In the Texas Tech football team’s loss to Kansas on Saturday, a handful of turning points went against the Red Raiders leading to the first loss to the Jayhawks since 2001.
The 2019 Texas Tech football team simply has no margin for error. That has been evident all season long and was proven to be true again in Saturday’s 37-34 loss at Kansas.
Some teams can overwhelm teams with so much talent that even if an odd bounce of the ball or a controversial call goes against them, they can overcome their bad luck and still win the game. That’s not been the case for the Red Raiders for quite a long time and 2019 has been no exception.
Each week, it feels like Tech not only has to play close to its best game, Matt Wells’ team has to have some breaks go its way if it comes out on top. Thus far, Tech has not beaten a Power 5 team in a game in which everything did not go according to plan.
In fact, in the team’s only win to date over a major conference team, the October 5th 45-35 triumph over Oklahoma State, Tech not only played its most complete game of the year, but it also benefitted from the charity of its opponent.
Cowboy quarterback Spencer Sanders turned the ball over five times that afternoon in Lubbock. Three of those were interceptions while two were fumbles.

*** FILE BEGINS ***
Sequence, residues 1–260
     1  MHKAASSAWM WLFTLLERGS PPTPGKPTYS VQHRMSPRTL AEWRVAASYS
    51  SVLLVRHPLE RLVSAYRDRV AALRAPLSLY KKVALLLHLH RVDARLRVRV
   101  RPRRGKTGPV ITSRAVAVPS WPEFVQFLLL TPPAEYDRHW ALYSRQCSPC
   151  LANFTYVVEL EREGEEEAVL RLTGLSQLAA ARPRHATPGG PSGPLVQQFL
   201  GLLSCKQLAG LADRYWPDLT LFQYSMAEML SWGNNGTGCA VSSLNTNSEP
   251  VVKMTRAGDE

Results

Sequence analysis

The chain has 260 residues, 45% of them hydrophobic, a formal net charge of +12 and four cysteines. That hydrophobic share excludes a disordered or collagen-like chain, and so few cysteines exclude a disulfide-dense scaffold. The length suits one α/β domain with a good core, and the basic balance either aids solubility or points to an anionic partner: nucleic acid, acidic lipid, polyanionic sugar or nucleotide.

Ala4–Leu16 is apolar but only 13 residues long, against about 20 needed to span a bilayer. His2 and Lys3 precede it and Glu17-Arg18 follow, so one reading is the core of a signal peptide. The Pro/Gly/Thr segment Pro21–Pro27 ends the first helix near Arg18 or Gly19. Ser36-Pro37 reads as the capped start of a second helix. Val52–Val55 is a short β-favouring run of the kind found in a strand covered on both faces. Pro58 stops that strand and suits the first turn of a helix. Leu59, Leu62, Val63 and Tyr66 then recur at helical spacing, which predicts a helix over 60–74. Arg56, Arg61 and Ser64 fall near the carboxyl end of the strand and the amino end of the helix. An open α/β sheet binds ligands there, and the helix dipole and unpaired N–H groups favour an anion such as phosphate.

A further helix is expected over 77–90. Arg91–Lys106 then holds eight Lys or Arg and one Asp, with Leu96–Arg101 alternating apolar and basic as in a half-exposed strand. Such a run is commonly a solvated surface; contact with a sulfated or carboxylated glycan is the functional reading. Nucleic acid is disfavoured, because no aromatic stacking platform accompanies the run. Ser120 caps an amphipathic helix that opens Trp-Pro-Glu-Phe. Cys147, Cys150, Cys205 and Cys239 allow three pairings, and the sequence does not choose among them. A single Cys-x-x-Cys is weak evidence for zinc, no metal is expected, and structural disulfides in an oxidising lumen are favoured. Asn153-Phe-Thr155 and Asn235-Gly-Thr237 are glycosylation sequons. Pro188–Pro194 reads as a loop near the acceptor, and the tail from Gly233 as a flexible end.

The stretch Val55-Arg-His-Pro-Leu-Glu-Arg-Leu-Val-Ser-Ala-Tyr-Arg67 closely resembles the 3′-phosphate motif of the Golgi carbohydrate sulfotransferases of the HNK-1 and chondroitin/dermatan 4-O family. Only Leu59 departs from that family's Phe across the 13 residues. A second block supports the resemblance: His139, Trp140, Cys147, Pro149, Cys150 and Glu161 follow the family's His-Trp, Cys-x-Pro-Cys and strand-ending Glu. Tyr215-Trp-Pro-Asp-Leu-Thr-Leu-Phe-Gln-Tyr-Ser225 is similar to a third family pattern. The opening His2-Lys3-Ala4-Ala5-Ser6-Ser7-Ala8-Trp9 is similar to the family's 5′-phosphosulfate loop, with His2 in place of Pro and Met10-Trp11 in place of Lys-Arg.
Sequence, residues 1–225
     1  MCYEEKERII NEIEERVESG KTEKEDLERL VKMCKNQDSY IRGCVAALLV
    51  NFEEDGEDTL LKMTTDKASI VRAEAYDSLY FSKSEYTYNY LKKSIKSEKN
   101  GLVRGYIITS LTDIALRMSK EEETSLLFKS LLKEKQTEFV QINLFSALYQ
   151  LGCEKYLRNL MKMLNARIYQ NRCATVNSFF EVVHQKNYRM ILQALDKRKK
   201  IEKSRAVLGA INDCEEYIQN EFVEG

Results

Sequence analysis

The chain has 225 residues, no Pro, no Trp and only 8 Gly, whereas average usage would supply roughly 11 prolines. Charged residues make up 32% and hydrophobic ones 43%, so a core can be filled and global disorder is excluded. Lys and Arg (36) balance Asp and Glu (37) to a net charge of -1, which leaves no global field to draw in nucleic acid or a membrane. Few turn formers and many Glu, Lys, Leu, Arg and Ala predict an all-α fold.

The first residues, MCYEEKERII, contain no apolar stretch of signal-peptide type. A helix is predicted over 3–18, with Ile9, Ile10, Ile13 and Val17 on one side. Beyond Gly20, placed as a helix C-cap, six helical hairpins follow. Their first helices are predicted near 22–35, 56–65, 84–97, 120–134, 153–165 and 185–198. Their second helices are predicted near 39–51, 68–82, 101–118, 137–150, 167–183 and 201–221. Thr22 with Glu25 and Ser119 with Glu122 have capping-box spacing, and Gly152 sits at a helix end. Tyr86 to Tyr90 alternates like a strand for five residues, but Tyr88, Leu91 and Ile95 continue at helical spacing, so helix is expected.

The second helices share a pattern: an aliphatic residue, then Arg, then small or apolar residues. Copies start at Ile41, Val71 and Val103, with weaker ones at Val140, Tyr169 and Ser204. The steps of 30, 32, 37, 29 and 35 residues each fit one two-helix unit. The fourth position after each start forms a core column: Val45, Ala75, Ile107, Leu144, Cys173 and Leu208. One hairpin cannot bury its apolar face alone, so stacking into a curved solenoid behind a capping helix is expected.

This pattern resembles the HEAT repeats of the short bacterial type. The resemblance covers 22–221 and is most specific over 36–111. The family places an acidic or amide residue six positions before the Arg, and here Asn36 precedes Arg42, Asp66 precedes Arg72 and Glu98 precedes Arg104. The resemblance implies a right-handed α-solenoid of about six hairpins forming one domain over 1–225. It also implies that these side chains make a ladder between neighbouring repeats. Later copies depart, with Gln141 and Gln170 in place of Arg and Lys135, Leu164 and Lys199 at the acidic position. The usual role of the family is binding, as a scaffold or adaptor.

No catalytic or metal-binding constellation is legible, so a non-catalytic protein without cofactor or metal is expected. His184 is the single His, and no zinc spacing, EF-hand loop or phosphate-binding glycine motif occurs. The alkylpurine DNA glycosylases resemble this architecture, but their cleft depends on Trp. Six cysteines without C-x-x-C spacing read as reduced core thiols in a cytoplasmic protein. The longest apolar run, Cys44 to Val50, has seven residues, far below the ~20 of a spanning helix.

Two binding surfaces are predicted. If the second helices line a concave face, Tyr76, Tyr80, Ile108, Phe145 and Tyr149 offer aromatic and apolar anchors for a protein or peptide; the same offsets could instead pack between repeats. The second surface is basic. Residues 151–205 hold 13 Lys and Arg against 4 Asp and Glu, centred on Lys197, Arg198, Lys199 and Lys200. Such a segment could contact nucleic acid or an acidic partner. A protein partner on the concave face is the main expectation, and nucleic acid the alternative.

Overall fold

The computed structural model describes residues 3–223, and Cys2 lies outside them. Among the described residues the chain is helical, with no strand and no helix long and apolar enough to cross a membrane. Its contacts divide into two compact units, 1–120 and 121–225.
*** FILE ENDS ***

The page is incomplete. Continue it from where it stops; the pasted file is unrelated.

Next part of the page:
Though the Red Raiders certainly deserve credit for making life tough for the redshirt freshman QB with seven sacks and tons of pressure, his lack of care with the ball was a tremendous assist and gave Tech the extra boost it needed to take down OSU for the second-straight season.
But in other games, the breaks just haven’t gone Tech’s way and the Red Raiders have not been good enough to win without the help of lady luck. Of course, the injustice that occurred in Waco quickly comes to mind.
That afternoon, the Red Raiders had an opportunity for a much-needed win taken from them by the incompetence of the Big 12 officiating crew which incorrectly ruled a fumbled Baylor snap to have been an illegal snap thus erasing Tech’s fumble recovery in the first overtime period. But a better team would not have let that game get to OT.
Let’s not forget that the Red Raiders had six drives reach at least the BU 21-yard-line only to get 13 points. What’s more, Tech had the Bears pinned at their own 1-yard-line with just a minute to go but allowed them to drive the length of the field for the game-tying field goal. That game was winnable but because Tech’s margin for error was so slim, a botched call proved to be the difference.
Against Iowa State, the Red Raiders played poorly in the first half and lacked the firepower to fight back. Better teams can overcome slow starts but the Red Raiders aren’t capable of winning when they don’t play their best for all four quarters.
That’s why each game this year, other than the trip to Norman, has come down to a handful of moments that tipped the scale. The same was true Saturday in Lawrence when Tech showed that it couldn’t even top Kansas if everything did not fall its way.